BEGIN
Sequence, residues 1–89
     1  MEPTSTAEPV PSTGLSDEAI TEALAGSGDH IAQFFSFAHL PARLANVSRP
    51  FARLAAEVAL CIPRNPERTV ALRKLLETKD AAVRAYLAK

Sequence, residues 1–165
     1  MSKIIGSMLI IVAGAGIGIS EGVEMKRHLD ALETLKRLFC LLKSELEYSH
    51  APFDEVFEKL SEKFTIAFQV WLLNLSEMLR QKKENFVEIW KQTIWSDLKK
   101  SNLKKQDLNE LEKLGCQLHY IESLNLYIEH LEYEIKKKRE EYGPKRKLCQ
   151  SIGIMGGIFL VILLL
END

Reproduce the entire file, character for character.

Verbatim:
Sequence, residues 1–89
     1  MEPTSTAEPV PSTGLSDEAI TEALAGSGDH IAQFFSFAHL PARLANVSRP
    51  FARLAAEVAL CIPRNPERTV ALRKLLETKD AAVRAYLAK

Sequence, residues 1–165
     1  MSKIIGSMLI IVAGAGIGIS EGVEMKRHLD ALETLKRLFC LLKSELEYSH
    51  APFDEVFEKL SEKFTIAFQV WLLNLSEMLR QKKENFVEIW KQTIWSDLKK
   101  SNLKKQDLNE LEKLGCQLHY IESLNLYIEH LEYEIKKKRE EYGPKRKLCQ
   151  SIGIMGGIFL VILLL